From the wide-ranging and customarily sane Virginia Postrel over at Reason comes a summer bijou: Gadgets and gizmos from Adam Smith’s time.
Let’s start with what the self-respecting man about town might have carried with him as he set out for the day.
First and all but non-negotiable was a watch, tucked in a front pocket and attached to a chain (or strap or ribbon). They were not only for the upper classes, but sailors and farm hands as well–often bought second-hand from pawnshops and bartered back to whence they came if money was tight. Pickpockets’ A #1 target.
But watches barely scratched the surface of the well kitted out man about town. How about:
- A nutmeg grater to add spice to one’s coffee at the ever popular coffee-house (the original mecca for merchants to congregate and engage in exchange–with different coffeehouses specializing in different trades).
- A “pocket globe” (the imagination struggles to square the object with the available pockets and pouches on anything approaching a garment you could actually wear).
- Or, with echoes down the centuries to today’s largest and most impractical Swiss Army knives, what antiquarians refer to as etuis: Think of an oversized cigarette lighter typically covered in a textured rawhide made from shark or ray skin (known as shagreen), which opened to display a variety of miniature (we mean “miniature”) tools such as tweezers, a ruler and compass, pen nibs, perhaps if the need for a snack came along, dollhouse size versions of a fork, knife, and snuff spoon, a bodkin, a super-miniature bottle of cologne, and the all-important “ear wax scraper” (your reporter does not want to inquire further about this last item).
- And if the etui in question were cylindrical, the cap could usefully double as a mini spyglass. James Bond had nothing on these well-equipped fellows.
Capital of manufacturing for these engaging and barely resistible miracles of miniaturization was Birmingham, where a 1767 dictionary identified 100 “toy makers,” declaring that “For Cheapness, Beauty and Elegance no Place in the world can vie with them.”
But under the skein of whimsy and undeniable “aptness” (Smith’s term) of these ingenious micro-tools lay temptation, which tells us something about the appeal of wealth and “conspicuous consumption” to this day. The Earl of Chesterfield, in a 1749 letter to his son, cautioned that a fool “cannot withstand the charms of a toyshop; snuff-boxes, watches, heads of canes, etc., are his destruction.” A year later he doubled down on this advice:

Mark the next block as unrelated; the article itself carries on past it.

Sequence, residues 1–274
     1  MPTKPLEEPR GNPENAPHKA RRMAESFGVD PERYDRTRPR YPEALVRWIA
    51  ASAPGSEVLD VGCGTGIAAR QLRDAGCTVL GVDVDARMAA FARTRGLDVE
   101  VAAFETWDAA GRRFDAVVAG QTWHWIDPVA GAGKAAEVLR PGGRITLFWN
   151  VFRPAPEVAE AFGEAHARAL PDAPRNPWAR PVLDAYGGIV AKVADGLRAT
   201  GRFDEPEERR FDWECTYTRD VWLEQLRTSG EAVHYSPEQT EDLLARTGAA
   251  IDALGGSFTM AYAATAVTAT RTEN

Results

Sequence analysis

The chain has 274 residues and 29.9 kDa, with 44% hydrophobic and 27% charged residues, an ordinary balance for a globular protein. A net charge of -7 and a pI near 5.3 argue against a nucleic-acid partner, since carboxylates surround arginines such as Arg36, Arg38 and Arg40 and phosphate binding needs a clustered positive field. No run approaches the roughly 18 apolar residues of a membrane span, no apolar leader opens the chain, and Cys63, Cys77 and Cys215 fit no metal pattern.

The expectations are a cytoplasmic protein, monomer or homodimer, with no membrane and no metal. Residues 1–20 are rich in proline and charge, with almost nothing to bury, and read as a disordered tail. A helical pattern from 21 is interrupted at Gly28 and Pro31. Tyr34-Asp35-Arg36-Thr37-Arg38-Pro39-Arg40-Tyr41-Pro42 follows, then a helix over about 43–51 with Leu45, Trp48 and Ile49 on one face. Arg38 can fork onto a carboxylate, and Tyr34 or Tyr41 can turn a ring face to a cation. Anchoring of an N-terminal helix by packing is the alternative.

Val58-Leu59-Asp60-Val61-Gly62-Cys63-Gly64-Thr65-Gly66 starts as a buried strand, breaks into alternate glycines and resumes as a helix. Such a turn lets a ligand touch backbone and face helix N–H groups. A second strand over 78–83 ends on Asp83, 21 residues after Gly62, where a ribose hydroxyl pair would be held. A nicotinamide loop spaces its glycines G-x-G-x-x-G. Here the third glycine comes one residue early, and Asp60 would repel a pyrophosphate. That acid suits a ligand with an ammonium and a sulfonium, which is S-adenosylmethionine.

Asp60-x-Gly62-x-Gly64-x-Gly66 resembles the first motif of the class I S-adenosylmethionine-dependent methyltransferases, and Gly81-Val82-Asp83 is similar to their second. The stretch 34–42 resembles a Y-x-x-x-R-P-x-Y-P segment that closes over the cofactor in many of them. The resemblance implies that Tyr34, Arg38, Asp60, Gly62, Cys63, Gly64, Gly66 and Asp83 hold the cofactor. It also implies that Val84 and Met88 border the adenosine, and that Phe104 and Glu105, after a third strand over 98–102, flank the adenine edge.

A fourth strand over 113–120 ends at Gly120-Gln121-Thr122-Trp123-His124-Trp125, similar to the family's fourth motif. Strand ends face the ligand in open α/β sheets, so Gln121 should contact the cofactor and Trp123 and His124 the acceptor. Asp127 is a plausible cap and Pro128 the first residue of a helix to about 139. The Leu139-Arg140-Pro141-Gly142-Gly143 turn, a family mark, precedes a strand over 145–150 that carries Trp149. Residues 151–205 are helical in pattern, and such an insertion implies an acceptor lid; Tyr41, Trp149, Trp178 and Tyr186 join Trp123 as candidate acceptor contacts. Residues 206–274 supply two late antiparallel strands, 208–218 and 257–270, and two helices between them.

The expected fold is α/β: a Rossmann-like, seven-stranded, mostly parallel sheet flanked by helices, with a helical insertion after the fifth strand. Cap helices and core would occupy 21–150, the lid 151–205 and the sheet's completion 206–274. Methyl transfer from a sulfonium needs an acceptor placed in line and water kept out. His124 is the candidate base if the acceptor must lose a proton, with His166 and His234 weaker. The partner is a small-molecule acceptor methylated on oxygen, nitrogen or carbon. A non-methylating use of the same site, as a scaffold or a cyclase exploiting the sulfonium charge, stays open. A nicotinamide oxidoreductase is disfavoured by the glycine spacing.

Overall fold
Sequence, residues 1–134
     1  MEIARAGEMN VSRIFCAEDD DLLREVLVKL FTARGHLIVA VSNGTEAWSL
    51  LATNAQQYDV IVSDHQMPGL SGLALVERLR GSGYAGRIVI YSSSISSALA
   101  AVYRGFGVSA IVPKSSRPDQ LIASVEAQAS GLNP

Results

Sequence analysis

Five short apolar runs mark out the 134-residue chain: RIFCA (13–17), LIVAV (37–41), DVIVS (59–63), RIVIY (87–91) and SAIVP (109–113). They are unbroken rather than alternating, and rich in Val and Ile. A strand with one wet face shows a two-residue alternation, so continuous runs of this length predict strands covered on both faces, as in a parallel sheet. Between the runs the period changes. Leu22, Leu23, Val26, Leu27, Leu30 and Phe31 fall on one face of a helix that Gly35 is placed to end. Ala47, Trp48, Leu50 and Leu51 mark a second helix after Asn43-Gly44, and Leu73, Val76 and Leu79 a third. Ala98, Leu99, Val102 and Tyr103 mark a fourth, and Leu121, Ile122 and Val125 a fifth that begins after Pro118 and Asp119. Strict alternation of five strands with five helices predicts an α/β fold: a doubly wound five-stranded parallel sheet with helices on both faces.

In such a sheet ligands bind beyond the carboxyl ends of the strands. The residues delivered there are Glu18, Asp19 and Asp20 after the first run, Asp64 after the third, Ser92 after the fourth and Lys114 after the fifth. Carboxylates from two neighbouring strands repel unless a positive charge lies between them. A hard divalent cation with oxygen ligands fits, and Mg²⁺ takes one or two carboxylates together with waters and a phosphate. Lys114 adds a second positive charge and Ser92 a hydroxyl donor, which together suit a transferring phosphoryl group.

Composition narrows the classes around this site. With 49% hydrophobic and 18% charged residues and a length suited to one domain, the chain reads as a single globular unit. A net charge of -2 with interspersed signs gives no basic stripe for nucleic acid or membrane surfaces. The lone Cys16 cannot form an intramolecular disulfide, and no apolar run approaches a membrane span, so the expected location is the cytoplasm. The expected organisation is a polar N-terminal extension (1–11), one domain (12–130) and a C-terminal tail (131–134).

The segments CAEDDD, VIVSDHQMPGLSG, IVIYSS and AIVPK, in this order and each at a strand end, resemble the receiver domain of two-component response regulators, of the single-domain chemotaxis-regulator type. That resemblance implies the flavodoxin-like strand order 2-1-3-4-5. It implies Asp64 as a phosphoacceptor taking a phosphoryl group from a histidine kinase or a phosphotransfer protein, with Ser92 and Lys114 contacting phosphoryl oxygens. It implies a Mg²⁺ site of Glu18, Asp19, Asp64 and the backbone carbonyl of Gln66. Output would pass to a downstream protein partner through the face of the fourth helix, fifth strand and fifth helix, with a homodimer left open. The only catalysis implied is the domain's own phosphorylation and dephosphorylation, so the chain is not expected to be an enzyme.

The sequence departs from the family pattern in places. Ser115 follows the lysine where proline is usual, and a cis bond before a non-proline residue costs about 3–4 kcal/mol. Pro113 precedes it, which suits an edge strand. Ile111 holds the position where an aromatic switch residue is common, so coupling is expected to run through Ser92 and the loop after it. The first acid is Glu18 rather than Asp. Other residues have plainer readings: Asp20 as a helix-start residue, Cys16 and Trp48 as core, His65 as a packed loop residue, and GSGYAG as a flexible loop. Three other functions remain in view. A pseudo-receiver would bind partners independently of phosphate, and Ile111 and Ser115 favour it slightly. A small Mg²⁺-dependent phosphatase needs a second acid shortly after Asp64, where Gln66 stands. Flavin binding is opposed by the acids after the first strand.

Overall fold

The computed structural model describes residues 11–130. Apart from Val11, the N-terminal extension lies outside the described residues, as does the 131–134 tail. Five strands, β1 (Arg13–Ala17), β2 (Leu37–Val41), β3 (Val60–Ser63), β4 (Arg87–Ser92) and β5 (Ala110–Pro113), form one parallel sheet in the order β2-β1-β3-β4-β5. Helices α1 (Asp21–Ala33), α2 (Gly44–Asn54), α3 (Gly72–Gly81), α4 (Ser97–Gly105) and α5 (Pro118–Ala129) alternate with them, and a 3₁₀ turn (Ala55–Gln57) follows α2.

“There is another sort of expense that I will not allow, only because it is a silly one,” he wrote. “I mean the fooling away your money in baubles at toy shops. Have one handsome snuff-box (if you take snuff), and one handsome sword; but then no more pretty and very useless things.” A fortune, Chesterfield cautioned, could quickly disappear through impulse purchases.
In his magisterial and vastly underappreciated Theory of Moral Sentiments, Smith also took up the topic, although he advanced the implications considerably. While these “toys” embodied “the beauty of order, of art and contrivance,” ingenuity and precisions, they were also undeniably cool. The same pattern of striking desire into the hearts of others applied to wealth itself. Smith invokes a vision of an impoverished but ambitious young man (well, he would have been inevitably a man, then, of course), who fantasizes that if only he possessed a large mansion, coaches, and servants to attend to it all, would his life run happily and smoothly.
And suppose our quondam protagonist achieves these objects of desire? With the possessions and the servants, and family and friends and hangers-on, come anxiety, world-weariness, and exhaustion. Finally in old age
“he begins at last to find that wealth and greatness are mere trinkets of frivolous utility, no more adapted for procuring ease of body or tranquillity of mind than the tweezer-cases of the lover of toys.”
But Smith meant no condemnation: To the contrary, he was laying the groundwork for what the pursuit of wealth–and the improvement of land, productive deployment of capital, and the creation of worthy and respectable employment–lay the groundwork for and propel orderly and comfortable civilization itself.
“The perfection of police, the extension of trade and manufactures, are noble and magnificent objects,” he wrote. “The contemplation of them pleases us, and we are interested in whatever can tend to advance them. They make part of the great system of government, and the wheels of the political machine seem to move with more harmony and ease by means of them. We take pleasure in beholding the perfection of so beautiful and grand a system, and we are uneasy till we remove any obstruction that can in the least disturb or encumber the regularity of its motions.”
Who knew that the genesis of the brilliance, novelty, and power of The Wealth of Nations might originally be found in what a man stepping off his doorstep in Edinburgh a few decades earlier might have been carrying in his pockets?